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What open source licenses are more corporate-friendly, i.e., they can be used in commercial products without the need to open source the commercial product?

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closed as off topic by casperOne Aug 29 '12 at 12:07

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10 Answers 10

up vote 25 down vote accepted

I recommend the Apache License (specifically, version 2). It is not a “copy left” license and it addresses several matters that are important to established companies and their lawyers.

“Copy left” is the philosophy of the free software foundation requiring anything incorporating the licensed opens source code to also be licensed as open source. That philosophy is regarded as poison by established companies that want to keep their products proprietary.

Aside from not having “copy left” provisions, the Apache license specifically addresses the grant of rights from project contributors and it expressly addresses the fact that modern companies are typically made up for more than one legal entity (for example, a parent company and its subsidiaries). Most open source licenses don’t address these points.

Whatever license you choose, if you want your code to be “corporate friendly,” in the sense that you want it to be incorporated into commercial, non-open source products, it is essential that you avoid GPL and other “copy left” type licenses. While it would be best to consult with your own lawyer before investing time or money in a project for which this is an important factor, a quick shorthand for licenses that are and are not “copy left” can be found on the Free Software Foundation’s website. They identify which licenses they don’t find meet their standards as “copy left.” The ones FSF rejects are most likely the ones that will be corporate friendly in this sense.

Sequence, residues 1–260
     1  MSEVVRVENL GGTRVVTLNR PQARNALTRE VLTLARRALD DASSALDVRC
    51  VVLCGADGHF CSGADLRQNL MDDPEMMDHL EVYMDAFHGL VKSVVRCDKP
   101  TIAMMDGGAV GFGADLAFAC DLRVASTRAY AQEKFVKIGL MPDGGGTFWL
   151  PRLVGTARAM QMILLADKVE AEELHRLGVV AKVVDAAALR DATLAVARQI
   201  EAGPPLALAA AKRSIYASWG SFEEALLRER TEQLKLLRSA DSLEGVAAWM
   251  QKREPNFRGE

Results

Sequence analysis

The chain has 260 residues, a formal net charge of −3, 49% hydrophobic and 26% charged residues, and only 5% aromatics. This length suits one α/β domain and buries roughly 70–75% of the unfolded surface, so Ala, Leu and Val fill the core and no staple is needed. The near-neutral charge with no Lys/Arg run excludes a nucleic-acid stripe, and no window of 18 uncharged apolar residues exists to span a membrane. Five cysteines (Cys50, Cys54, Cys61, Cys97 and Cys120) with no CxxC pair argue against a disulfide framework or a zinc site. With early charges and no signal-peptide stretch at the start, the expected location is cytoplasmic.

(Although the question didn’t ask this, it is worth mentioning that, with very few exceptions, even GPL and other “copy left” type licenses are perfectly corporate friendly if they are only used internally by the commercial entities and not incorporated into their products.)

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So if OS license has no copy left, can someone grab all the work, add one line, and sell it as a new product granted they give the credit?. I'm speaking roughly here, but that´s what I understand. Obviously none will buy an ApachI server when Apache web server is free. –  OscarRyz Oct 2 '08 at 23:23
    
From what I understand, yes a company could do this. Companies sell Linux for instance. –  Lance Fisher Dec 7 '08 at 1:26
    
Yes; MS Windows in fact contains code from BSD under a similar license. Basically it says "do what you want with this code; sell it, modify it, whatever, just make sure you include this license with the parts you copied and give us credit". –  Adam Jaskiewicz Apr 6 '09 at 17:20
    
Yeah, you can sell things released under Apache License. Something like this happened to Castle Active Record IIRC. –  Krzysztof Kozmic May 4 '09 at 10:35

Basically, only the GPL requires that the whole product is GPL, and LGPL implies that the parts specific to that library be open sourced. But, for both, the problem arises only when you distribute the application.

For all the other open source licenses, the only common requirement is the publicity (ie. show at some point to the user what open source component / library is used).

After that you have the "no competing commercial product" licenses...

All in all, the most acknowledged business friendly license are IMHO the Apache License, the Artistic License and the Mozilla Public license.

Furthermore, even if Creative Commons is not widely used for software development, some options are business friendly.